Linda Sarsour and the Women's March movement









Mohammed Amer on his debut on network television
The Late Show with Stephen Colbert








"Hey Pauline.

I hear you are spending the week in Western Australia,

so I vetted your candidates for you."
Senator Sam Dastyari








The Teacher who Changed My Life
SBS: Insight








This restaurant aims to engage and educate while you eat
In The Know




Restaurant Aims to Tackle International Conflict

Conflict Kitchen aims to engage and educate while you eat.







Why is the Muslim fashion industry booming?



Shelina Janmohamed, Vice-President of Ogilvy Noor, and model Mariah Idrissi talk to Christiane Amanpour about the boom in modest clothing lines.






The Powerful Du'a of Prophet Musa









It is the usual policy of CCN to include notices of events, video links and articles that some readers may find interesting or relevant. Such notices are often posted as received.

Including such messages/links or providing the details of such events does not necessarily imply endorsement by CCN of the contents therein.


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To know the future just look to the past


More Indigenous Australians are converting to Islam. But it is more than a political gesture. Unknown to many is the long history between Aboriginal people and Islamic culture and religion.

Comment: Indigenous Australia's long history with Islam

Peta Stephenson is the author of Islam Dreaming. This article was originally published on 14 December 2011, by The Conversation.

Muslim conversion is growing in Indigenous communities.

In the 2001 national census, 641 Indigenous people identified as Muslim. By the 2006 census the number had climbed by more than 60% to 1014 people.

This rise in conversions among Indigenous Australians may seem to be a political gesture. But unknown to many is the long history between Aboriginal people and Islamic culture and religion.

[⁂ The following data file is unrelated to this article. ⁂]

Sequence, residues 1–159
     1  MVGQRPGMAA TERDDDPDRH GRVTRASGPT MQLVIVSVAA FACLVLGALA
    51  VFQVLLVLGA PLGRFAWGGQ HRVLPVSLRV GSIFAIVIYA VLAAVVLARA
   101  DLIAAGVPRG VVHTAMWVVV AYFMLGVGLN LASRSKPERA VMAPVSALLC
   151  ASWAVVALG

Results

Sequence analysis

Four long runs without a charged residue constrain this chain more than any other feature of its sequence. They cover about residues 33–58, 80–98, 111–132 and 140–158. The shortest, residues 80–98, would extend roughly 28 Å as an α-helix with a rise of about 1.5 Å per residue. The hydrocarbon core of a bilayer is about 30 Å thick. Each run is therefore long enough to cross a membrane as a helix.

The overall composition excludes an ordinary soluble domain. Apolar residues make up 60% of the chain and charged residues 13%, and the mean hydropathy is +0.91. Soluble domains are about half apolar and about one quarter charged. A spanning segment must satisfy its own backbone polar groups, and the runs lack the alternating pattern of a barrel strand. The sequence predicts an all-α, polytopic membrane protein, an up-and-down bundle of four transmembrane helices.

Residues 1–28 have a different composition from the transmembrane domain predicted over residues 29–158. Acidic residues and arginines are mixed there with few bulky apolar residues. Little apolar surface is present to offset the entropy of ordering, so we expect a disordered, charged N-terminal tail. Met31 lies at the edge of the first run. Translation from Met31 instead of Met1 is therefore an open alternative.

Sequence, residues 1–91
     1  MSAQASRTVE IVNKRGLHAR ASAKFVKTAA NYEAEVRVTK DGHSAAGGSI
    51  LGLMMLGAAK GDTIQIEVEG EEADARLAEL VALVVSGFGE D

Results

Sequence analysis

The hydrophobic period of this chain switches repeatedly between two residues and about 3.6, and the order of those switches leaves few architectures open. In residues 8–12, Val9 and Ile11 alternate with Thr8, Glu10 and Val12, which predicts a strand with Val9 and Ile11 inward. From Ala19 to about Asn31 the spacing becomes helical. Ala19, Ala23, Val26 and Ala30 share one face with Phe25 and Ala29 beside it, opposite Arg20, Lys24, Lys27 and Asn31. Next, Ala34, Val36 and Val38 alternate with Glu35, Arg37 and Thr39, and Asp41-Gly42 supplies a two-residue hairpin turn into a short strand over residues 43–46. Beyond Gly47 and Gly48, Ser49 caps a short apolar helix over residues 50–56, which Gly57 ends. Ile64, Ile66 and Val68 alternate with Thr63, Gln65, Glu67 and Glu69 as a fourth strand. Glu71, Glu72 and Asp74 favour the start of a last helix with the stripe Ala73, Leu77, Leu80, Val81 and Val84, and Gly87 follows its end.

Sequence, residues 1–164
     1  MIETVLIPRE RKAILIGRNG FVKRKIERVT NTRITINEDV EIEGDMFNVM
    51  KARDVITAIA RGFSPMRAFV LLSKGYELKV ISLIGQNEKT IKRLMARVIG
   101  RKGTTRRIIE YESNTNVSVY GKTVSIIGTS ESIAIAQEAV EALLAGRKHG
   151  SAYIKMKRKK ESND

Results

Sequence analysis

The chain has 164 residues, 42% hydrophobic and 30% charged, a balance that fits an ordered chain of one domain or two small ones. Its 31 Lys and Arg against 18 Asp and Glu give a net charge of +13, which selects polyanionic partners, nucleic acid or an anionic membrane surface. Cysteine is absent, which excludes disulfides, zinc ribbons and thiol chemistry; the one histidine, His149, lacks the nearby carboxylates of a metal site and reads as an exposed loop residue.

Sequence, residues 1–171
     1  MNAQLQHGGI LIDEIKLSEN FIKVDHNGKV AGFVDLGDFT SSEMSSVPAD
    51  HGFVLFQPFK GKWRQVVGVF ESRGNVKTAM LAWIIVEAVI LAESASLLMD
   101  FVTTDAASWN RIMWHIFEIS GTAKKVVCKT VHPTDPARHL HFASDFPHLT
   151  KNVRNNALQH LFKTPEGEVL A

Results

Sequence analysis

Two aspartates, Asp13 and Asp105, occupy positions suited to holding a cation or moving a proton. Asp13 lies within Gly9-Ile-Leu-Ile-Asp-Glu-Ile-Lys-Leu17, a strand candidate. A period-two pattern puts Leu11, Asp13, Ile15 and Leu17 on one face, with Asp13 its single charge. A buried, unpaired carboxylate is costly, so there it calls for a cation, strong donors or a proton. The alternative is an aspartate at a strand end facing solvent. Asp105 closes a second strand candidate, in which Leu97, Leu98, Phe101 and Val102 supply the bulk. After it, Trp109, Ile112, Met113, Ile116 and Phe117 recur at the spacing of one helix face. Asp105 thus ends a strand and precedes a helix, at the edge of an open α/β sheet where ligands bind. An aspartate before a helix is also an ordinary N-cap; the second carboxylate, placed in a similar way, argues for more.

A culture in common

My research has found a broad spectrum of Indigenous identification with Islam. It ranges from those who have Afghan and Malay Muslim ancestors, but are not practising Muslims, to those who have no Muslim ancestors, but are strict adherents of the faith.

The Indigenous Muslims I met perceive a neat cultural fit between their traditional Indigenous beliefs and the teachings of Islam. Many hold that in embracing Islam they are simultaneously going back to their Indigenous roots.

They find cultural parallels in the shared practices of male circumcision, arranged marriages, polygyny (a form of marriage in which a man has more than one wife), and the fact that men are usually older than their wives in both Islamic and traditional Indigenous societies.

Interviewee Alinta, for example, finds "Islam connects with [her] Aboriginality" because of a shared emphasis on gendered roles and spheres of influence. "In Islam, men have a clear role and women have a clear role, and with Aboriginal people, that’s how it was too".

Others commented on the similar attitudes that Muslims and Indigenous people have towards the environment. According to another interviewee, Nazra, "in the Qur'an it tells you very clearly don't waste what is not needed … and the Aboriginal community is the same. Water and food are so precious you only take what you need".

NEXT WEEK IN CCN: Change what you do, not who you are 

Source: SBS

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Friday khutbah (sermon)

DATE: 10 March 2017

TOPIC"Avoid taunting"  

IMAM: Uzair Akbar


Play the recording  






Friday khutbah (sermon)

DATE: 10 March 2017

TOPIC"Miracle of the Quran"

IMAM: Akram Buksh








Friday khutbah (sermon)

DATE: 10 March 2017

TOPIC: "Trial Of Wealth"

IMAM: Ahmad Muhammad Naffaa








Friday khutbah (sermon)

DATE: 10 March 2017

TOPIC"Do we want to be with the Prophet (pbuh)?"

IMAM: Mufti Junaid Akbar



Click here for the past Kuthba recordings






Friday khutbah (sermon)

DATE: 10 March 2017

TOPIC"The beautiful conduct of prophet Muhammad (pbuh)"

IMAM: Mufti Naeem Ali



Click here for the past Kuthba recordings